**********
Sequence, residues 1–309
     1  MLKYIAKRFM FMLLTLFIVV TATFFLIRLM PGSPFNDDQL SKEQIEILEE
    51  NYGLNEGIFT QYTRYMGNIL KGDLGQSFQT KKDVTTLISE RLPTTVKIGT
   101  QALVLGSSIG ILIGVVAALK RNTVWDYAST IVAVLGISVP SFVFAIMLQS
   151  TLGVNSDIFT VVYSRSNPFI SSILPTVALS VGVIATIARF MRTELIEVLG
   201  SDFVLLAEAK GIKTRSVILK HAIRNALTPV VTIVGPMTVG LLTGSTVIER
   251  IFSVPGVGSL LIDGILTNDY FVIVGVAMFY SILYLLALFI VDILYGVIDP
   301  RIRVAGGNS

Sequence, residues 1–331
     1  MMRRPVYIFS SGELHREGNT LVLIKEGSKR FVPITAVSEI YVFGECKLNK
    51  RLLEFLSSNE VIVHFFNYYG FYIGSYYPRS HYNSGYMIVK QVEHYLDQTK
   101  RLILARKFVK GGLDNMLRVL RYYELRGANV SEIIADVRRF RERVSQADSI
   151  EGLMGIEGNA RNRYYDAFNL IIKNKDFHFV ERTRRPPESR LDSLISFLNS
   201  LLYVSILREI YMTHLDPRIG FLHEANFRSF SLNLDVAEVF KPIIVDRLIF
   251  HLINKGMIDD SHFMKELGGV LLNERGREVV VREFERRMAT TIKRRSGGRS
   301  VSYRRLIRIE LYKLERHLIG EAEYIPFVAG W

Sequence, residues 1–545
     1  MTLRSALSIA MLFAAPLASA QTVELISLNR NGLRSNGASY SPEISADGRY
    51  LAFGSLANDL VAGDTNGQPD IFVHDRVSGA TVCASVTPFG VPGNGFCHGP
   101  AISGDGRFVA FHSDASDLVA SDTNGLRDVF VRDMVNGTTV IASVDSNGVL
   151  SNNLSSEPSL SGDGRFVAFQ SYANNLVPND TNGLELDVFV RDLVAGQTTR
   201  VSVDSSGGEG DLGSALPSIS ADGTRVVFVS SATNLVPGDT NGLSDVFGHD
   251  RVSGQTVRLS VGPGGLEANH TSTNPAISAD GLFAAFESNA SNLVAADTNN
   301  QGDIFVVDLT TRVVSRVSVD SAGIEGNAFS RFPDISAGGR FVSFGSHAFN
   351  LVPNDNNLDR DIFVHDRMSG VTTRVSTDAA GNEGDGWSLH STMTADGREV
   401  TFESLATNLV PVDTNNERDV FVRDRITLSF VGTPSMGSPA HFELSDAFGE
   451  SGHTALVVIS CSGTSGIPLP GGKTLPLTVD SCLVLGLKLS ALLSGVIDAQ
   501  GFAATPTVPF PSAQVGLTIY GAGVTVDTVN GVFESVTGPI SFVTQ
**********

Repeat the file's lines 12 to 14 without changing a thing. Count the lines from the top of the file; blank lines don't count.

   101  RLILARKFVK GGLDNMLRVL RYYELRGANV SEIIADVRRF RERVSQADSI
   151  EGLMGIEGNA RNRYYDAFNL IIKNKDFHFV ERTRRPPESR LDSLISFLNS
   201  LLYVSILREI YMTHLDPRIG FLHEANFRSF SLNLDVAEVF KPIIVDRLIF